“Ever-increasing electronic apps are designed to enable us to accomplish more tasks in less time, thus supposedly making our lives easier – when in reality, the devices are also disrupting, at supersonic speeds, everything in our lives.” ~Rob Hackbarth


From technologies that match customers with carriers to apps that track shipments and communicate load statuses in real time, advancements in technology continue to stretch the freight industry in multiple directions. It’s such an exciting time to be in logistics it would be easy to get carried away by the cool factor of new load boards, mapping systems, and handheld devices. Here at Blue Eagle Logistics, we know that while technology is cool–it’s only one of many tools at our disposal. 


In this rapidly changing environment, many freight industry C-suite executives are caught up in the techno craze, demanding the total embrace of technology to streamline systems. Too often they have forgotten or overlooked an important aspect of any new technology–implementations can be uneven at best and completely disruptive at worst. 


At Blue Eagle, customers and their needs come first. We understand how a narrow focus on technology as the magic bullet frequently leads to diminished customer service, and unparalleled customer service is what we aim for every day. And choosing the “right tool” for the job helps us do that.


We’re not suggesting that technology isn’t important, only that it can disrupt regular operations if not used in conjunction with other important tools. Listen, a truck is a tool, a pallet jack is a tool, a phone is a tool–just like a brand new TMS is a tool. The key is knowing which tool to use. Sometimes the telephone is the best tool for a job–speaking to a customer, shipper, driver, dispatcher–because honest, straightforward communication just might be the most important factor in providing good service.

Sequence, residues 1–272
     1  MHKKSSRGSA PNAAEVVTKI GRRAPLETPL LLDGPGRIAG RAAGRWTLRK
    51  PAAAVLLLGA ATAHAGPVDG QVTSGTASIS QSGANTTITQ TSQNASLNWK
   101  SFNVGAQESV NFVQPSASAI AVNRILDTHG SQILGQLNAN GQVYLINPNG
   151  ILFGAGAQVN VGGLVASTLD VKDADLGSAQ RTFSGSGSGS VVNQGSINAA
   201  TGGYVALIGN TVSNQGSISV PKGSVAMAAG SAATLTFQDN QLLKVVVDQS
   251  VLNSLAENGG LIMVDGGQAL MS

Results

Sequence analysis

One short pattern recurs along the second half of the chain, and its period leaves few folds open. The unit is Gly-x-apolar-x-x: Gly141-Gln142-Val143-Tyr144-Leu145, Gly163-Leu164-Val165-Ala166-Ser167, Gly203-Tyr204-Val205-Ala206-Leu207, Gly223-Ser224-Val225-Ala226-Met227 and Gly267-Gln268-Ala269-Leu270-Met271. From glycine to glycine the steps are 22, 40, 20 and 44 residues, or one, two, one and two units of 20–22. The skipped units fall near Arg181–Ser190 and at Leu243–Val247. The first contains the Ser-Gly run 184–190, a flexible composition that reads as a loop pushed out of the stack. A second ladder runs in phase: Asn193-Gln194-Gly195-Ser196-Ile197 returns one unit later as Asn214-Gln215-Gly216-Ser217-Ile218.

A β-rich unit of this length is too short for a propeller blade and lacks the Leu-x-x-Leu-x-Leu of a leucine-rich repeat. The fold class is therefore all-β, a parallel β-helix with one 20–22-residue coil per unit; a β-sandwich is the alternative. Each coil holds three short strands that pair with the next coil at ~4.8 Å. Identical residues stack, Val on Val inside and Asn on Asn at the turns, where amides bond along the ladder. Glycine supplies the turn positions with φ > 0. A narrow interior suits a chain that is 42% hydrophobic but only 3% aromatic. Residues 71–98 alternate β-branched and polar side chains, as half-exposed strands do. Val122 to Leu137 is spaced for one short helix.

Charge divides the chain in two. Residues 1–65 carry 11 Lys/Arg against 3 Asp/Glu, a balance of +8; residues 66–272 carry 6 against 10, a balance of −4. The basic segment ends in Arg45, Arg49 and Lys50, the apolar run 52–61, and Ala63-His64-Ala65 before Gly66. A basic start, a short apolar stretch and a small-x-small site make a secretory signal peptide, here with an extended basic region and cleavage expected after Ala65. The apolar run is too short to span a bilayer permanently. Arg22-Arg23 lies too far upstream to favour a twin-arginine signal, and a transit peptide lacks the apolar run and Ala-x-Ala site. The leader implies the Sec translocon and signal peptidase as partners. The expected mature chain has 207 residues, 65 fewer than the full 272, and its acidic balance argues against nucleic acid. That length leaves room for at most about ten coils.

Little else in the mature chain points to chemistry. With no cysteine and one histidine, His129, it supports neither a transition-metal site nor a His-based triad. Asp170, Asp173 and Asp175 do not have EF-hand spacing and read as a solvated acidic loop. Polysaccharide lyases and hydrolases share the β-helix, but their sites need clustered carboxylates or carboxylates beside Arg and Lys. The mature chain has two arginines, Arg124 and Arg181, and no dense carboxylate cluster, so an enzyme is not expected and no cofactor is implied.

William Craig, writing in Forbes, contends that technology is often a distraction and can “stifle our creativity, our productivity, and our sociability.” He explains that “human beings are tool builders. . . . And technology is just one more tool. But just as we’d never let a screwdriver rule over us and our humanity, neither should we let higher technology govern who we are.”


It’s something to think about. Technology doesn’t and never will replace our very human need for interaction with one another. Let’s not forget that the Amazon Effect has created a consumer culture where customers demand a very high level of customer service. We all know that 214s convey data, and emails contain words, but both may lack in clarity, emotion, and urgency. While a quick phone call allows a level of interaction and information exchange that technology cannot provide. 


Here at Blue Eagle Logistics, we take technology seriously. We are forward-thinking in our approach to technology and what will work. But we’re not throwing away the tools we’ve used for years either. Our promise to customers is that we won’t forget how to communicate because communication is the heart of our efforts to provide the best customer service possible.


It’s a shift, isn’t it–in a world that prizes speed and new technology–to remember that the simple telephone may be the first and best tool in our never-ceasing quest to offer the best customer service available. Give us a call today!